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Themes of Social Justice in the Choral Music of Jake Runestad

Description: With his thought-provoking and socially relevant music, American composer Jake Runestad has quickly become one of the most performed choral composers of the 21st century. Although music and social justice have been tied together for centuries, there is a new movement bringing social justice to American choral music in a noticeably increased manor, and Jake Runestad is a leading composer in this movement. In this paper, I provide a detailed analysis into the social justice themes employed by Runestad, interviews with him and several well-respected American choral directors programming and commissioning his music, as well as compositional devices employed within his compositions. The purpose of this study is to show Jake Runestad's place as an American choral composer by offering a historical overview of the social justice themes in American music and Western choral music separately. I will then narrow the scope to Jake Runestad, who since 2013 has been using his choral music to bring awareness to human inequalities within the United States today.
Date: August 2018
Creator: Hathaway, Christopher M
Partner: UNT Libraries

Visual Music: The Use of Film Composition Devices to Develop Form in the Wind Band Music of Bruce Broughton

Description: As a film composer, Bruce Broughton uses themes, motives, gestures, tropes, and other film composition devices; however, he is also able to develop them into compelling formal structures through the use of film composition techniques in his concert music. Traditional musical form is not necessarily applicable to film music. The film dictates the pacing and structure, whereas concert music allows for the creation of form and more complex musical development. Through his extensive experience composing in the film industry, Broughton instinctively uses his film composition techniques as a means to reach his audience with his concert music. He establishes a common ground through film score vernacular to draw the listener into a more sophisticated musical conversation. This is particularly evident in his extensive wind band catalogue. In this dissertation, I identify Bruce Broughton's film composition techniques and examine how he employs them to create a stand-alone form using those techniques in his wind band music. The film composition techniques that are examined include character association, character interaction, motivic snippets, programmatic associations, and musical tropes. These aspects are demonstrated as they influence form in three of his most frequently performed and highly acclaimed pieces for wind band: In the World of Spirits, Celebration, and Spacious Skies. Through the examination, Broughton's use of formal development through film composition devices is demonstrated.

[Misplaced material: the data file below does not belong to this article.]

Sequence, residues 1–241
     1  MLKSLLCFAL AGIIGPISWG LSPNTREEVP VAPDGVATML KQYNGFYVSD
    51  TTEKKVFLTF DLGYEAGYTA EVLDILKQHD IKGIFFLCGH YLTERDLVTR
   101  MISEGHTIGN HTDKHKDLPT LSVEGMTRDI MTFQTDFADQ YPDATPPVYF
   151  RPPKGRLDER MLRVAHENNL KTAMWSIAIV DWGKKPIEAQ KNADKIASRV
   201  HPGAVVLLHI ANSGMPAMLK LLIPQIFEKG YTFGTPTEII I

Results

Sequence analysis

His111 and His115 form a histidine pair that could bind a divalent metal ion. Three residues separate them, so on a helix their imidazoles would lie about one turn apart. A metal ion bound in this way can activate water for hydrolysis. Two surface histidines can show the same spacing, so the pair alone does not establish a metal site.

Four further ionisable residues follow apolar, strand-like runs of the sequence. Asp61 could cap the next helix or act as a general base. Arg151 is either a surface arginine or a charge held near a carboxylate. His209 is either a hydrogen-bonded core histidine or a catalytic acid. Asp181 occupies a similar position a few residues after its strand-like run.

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Date: August 2018
Creator: Blasko, Ben Andrew
Partner: UNT Libraries

William Byrd's Motet "Tristitia et Anxietas" Through Elizabethan Eyes: Performance Practice Based on an Examination of Sixteenth-Century Sources